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Transportation Network in Claremore-Rogers County, OK Aids Growth

Port, roads, rail, airport all play key roles

By Kevin Litwin on December 4, 2016

Claremore, OK Transportation Network
Claremore / Courtesy of Tulsa Port of Catoosa

Ahoy! The Tulsa Port of Catoosa brings the oceans to Oklahoma.

That is an unofficial slogan used at the busy port, and Catoosa today is one of many attractive transportation options available to distribution, warehousing and logistics companies doing business in Claremore-Rogers County.

This part of northeast Oklahoma features a number of well-traveled roadways, including Interstate 44 that crosses Claremore to the southeast, and State Highway 66 (historic Route 66) that makes up one of the main thoroughfares in the community. Also intersecting the city are State Highway 20 and State Highway 88, while U.S. Route 169 lines the western portion of Rogers County.

Two railroads – BNSF and Union Pacific – also serve the industrial shipping sector throughout the region.laremore Regional Airport has recently received more than $6 million in federal grants and continues to stand out as premier facility in northeast Oklahoma. The general aviation airport, with a 1-mile runway, has seen tremendous growth over the past five years.Today 80 corporate jets, small aircraft and helicopters are housed on site.

Making a Big Splash

The Tulsa Port of Catoosa in Rogers County accommodates 60 companies in a 2,000-acre industrial park situated along the Arkansas River. The port has an economic impact of about $300 million on Oklahoma, and nearly 4,000 people are employed at the complex.

“We handle about 1,400 barges a year, and barges in today’s economy offer the lowest-cost mode of surface transportation in the United States,” says Bob Portiss, director of the Tulsa Port of Catoosa.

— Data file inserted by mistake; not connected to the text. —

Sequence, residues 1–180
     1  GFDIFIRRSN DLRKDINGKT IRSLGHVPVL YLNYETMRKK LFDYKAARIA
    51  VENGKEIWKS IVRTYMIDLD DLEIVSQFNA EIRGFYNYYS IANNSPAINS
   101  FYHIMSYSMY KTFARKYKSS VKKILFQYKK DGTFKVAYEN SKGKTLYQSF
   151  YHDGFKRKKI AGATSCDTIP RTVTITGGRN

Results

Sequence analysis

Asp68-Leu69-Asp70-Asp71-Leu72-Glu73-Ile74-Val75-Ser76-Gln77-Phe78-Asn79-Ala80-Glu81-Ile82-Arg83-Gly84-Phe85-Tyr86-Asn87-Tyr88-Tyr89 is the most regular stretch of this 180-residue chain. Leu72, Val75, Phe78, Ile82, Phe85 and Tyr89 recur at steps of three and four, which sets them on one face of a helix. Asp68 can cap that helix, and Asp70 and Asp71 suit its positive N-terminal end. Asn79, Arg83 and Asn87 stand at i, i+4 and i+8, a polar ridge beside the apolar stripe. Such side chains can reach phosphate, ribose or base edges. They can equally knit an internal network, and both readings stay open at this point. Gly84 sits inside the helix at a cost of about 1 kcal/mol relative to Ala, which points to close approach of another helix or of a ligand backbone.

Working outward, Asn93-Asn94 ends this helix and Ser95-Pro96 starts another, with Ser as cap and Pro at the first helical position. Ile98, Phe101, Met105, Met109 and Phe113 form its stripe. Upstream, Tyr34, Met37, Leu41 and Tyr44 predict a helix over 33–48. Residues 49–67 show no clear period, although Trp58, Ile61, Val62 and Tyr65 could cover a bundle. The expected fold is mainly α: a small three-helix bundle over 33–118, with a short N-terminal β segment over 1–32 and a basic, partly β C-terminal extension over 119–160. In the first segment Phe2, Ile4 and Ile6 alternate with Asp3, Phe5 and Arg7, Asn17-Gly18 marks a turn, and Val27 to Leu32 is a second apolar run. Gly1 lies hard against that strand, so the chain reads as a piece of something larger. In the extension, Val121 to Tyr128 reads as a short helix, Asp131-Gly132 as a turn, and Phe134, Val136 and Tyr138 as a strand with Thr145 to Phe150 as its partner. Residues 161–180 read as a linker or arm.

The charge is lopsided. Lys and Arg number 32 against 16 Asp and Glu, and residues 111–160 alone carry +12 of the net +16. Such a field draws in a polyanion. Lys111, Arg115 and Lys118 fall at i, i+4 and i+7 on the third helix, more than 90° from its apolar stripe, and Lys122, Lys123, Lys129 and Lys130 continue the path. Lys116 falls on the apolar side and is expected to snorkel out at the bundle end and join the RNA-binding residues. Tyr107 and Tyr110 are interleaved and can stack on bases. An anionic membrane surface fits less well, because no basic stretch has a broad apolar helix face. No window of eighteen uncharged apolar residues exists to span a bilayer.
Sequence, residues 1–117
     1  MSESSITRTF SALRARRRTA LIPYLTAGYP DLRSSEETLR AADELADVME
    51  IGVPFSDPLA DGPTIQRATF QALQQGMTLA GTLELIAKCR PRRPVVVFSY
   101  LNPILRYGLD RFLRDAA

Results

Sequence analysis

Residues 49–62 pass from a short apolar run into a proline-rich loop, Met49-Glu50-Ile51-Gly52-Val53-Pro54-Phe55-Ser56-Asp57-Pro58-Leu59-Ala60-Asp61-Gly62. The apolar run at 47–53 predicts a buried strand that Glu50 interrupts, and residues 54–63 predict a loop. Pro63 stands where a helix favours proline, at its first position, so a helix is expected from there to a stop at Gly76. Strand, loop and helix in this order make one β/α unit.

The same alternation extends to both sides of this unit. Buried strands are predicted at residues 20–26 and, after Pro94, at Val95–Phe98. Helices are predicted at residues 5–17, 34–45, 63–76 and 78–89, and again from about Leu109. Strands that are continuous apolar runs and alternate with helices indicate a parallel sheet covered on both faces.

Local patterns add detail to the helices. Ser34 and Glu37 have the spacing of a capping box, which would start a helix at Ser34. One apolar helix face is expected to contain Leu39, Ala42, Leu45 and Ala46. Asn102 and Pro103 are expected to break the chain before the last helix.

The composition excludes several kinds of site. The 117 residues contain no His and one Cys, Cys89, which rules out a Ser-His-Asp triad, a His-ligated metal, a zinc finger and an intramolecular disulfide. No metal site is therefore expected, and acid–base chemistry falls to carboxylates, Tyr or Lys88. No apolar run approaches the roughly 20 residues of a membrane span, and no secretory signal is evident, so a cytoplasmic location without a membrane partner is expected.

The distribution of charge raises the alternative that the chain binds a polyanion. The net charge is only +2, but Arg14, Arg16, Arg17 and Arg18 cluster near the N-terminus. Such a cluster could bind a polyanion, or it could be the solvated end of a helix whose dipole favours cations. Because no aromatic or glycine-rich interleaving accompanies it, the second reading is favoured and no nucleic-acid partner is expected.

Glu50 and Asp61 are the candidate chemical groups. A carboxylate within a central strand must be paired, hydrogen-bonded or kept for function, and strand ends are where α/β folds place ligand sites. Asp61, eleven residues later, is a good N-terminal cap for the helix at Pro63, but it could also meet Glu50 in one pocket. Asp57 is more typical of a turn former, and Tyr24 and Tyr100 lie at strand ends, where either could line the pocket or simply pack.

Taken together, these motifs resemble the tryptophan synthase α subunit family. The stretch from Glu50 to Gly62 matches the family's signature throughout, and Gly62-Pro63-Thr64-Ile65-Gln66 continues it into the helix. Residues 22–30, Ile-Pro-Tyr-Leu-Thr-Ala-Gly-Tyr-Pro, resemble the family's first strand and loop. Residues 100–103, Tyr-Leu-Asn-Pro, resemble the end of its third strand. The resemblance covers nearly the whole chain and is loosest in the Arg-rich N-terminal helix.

Commodities handled include grain, dry fertilizer, liquid fertilizer, iron and steel, petroleum products and manufactured items, and many commodities are shipped to-and-from U.S. cities as well as several countries.

“We deal with Belgium, Germany, France, Russia, Spain, Japan, China and more, and we are always looking to attract more industry and trade partners,” Portiss says. “If a company needs to move loads from 900 to 1,500 tons, shipping by port is the best way to go for many reasons.”

Moving Forward

While transportation is a key player in the economic success of Claremore-Rogers County, so are several other sectors. Jeri Koehler, executive director of the Claremore Industrial & Economic Development Authority, says quality of life plays a big factor.

“We are centrally located to major regional markets, home to award-winning schools, and have attractive commercial and industrial sites,” she says. “For industry, 200 acres of land are available at Claremore Industrial Park, and companies in our community like Baker Hughes, National Oilwell Varco, Caseco and Pelco Structural have recently expanded. A lot is happening these days.”

Officials in Claremore and Rogers County often work together to promote northeast Oklahoma as an ideal area in which to do business. As a result, manufacturing is a major contributor to the local economy. The towns of Chelsea, Inola and Oologah all have incubator buildings whose tenants are primarily manufacturing startup companies.

“A fourth incubator building is under construction, and we also are getting inquiries on land available at the Jim Summerlin Industrial Park in Inola,” says Debi Ward, executive director of the Rogers County Industrial Development Authority. “Our region is great for distributors because all of our towns are within 15 to 20 minutes of the Tulsa Port of Catoosa, and all towns have access to rail and good highways.”

Ward says Oologah also made recent headlines by opening a major grocery store – Apple Market – along the area’s busy U.S. 169 corridor, while in Chelsea, plans are to renovate the historic downtown Main Street district that connects with Route 66.

“Route 66 attracts travelers from all over the world, especially during the spring and summer months,” Ward says. “Tourism in Chelsea is about to become another of our economic strengths. It’s all part of promoting our region for the good of everyone throughout our community.”

“We are centrally located to major regional markets, home to award-winning schools and have attractive commercial and industrial sites.”

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